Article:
Newsletter compiled by Jon Munshaw.

Good afternoon, Talos readers.

This will be our last Threat Source newsletter of the year. We’ll be on a few-week break for the holidays until Jan. 7.

Of course, all anyone wants to talk about this week is the SolarWinds supply chain attack. There are still many outstanding questions yet to be answered. But everything Cisco Talos knows about this incident and our coverage can be found here. And our pre-existing coverage keeps users protected from the exploitation of any of the FireEye vulnerabilities that arose out of this attack.

While we’re away for the holidays, why not do some reverse-engineering and threat hunting of your own with some of our open-source tools? We just released new versions of GhIDA and Dynamic Data Resolver as an early holiday present.

Cyber security week in review

  • Security researchers, defenders, IT professionals and government officials around the U.S. are scrambling this week to respond to the SolarWinds incident. Here’s why it’s such a big deal.
  • Several security industry organizations came together in a massive response to this attack. On Wednesday, security researchers seized control of and sinkholed a key domain used in the SolarWinds incident.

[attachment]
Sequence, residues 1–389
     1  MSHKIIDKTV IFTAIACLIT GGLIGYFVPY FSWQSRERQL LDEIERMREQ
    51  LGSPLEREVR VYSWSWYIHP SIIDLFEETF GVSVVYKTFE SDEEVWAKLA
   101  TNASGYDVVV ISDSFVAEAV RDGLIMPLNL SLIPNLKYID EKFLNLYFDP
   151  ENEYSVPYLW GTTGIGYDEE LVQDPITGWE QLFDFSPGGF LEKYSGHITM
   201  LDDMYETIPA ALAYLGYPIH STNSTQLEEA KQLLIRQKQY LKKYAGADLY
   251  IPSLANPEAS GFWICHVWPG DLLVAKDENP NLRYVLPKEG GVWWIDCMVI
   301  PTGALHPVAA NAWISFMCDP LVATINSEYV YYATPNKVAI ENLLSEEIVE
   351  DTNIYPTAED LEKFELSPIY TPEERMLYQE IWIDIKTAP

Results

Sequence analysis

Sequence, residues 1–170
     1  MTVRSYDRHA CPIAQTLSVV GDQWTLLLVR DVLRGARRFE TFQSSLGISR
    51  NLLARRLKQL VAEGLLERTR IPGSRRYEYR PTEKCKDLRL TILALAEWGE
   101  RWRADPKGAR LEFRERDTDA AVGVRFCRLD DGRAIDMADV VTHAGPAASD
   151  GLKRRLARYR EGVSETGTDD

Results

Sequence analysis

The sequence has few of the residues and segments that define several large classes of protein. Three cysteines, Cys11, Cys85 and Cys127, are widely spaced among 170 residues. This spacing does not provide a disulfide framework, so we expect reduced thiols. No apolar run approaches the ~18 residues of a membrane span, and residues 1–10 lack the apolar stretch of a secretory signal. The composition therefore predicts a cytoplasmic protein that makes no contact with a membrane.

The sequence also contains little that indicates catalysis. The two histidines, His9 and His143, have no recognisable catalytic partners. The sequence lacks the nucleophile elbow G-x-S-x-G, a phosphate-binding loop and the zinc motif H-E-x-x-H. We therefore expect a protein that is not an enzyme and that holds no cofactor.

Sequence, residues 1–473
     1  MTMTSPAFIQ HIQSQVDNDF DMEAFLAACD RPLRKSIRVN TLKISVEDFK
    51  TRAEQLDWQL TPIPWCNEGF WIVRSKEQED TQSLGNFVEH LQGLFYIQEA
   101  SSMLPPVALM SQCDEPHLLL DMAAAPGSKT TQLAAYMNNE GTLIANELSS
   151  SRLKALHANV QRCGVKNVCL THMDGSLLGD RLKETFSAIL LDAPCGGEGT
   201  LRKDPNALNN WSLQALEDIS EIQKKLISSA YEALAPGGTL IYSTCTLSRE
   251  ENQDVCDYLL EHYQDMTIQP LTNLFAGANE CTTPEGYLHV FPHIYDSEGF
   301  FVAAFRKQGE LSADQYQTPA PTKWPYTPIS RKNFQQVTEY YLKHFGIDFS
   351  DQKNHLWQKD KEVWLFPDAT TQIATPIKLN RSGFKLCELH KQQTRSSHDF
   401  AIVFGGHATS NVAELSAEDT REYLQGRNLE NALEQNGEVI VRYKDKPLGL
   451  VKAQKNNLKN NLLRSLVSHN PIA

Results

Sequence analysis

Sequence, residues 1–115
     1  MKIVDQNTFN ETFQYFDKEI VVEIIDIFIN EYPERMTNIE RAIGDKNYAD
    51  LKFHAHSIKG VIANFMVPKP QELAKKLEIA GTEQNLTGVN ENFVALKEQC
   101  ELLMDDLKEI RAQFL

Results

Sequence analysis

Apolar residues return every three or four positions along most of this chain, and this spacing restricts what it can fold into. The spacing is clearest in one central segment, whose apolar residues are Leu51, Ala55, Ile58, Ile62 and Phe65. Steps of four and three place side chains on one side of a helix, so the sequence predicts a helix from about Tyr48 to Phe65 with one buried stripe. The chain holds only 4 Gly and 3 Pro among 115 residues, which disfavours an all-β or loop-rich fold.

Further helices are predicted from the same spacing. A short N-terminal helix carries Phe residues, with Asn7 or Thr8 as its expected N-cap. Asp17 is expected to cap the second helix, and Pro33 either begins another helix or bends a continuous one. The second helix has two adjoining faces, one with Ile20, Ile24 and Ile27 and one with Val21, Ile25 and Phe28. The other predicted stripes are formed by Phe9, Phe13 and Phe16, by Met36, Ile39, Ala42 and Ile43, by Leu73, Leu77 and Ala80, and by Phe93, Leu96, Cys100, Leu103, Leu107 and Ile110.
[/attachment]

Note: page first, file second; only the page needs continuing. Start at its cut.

• The U.S. Treasury and Commerce departments were also victims of this attack, though its currently unclear how or if attackers used the backdoor established on their networks. Many Fortune 500 companies also used SolarWinds products, according to the company’s website.
  • House Intelligence Committee Chairman Adam Schiff said the U.S. government needs to take on “urgent work” to defend its critical networks in the wake of this attack. Schiff asked that any private companies that were affected reach out to U.S. intelligence agencies to coordinate a response.
  • Apple started adding new labels to the apps on its iOS and Mac stores that identify what type of personal information they collect. The labels include information under three different categories “Data used to track you,” “Data linked to you,” and “Data not linked to you.”
  • A new adware campaign Microsoft is calling “Adrozek” injects malicious ads into search results on numerous browsers. The actors behind the campaign generate money by tricking the users into clicking on the fake ads, which send them to affiliate-linked pages.
  • Government agencies in Poland and Lithuania were both subjects of disinformation attacks this week. Attackers took control of several state-controlled websites and posted intentionally misleading information looking to disrupt ties between the two countries.
  • Thousands of medical images like X-Rays and MRIs are available on unprotected servers, accessible to anyone on the internet. A security firm found many of them were connected to a massive health care system in Russia.
  • A security firm found 28 malicious browser plugins for Microsoft Edge and Google Chrome that steal users’ personal data. More than 3 million people are estimated to have downloaded these extensions.

Notable recent security issues

Title: State-sponsored actors behind massive SolarWinds attacks, full breadth yet to be discovered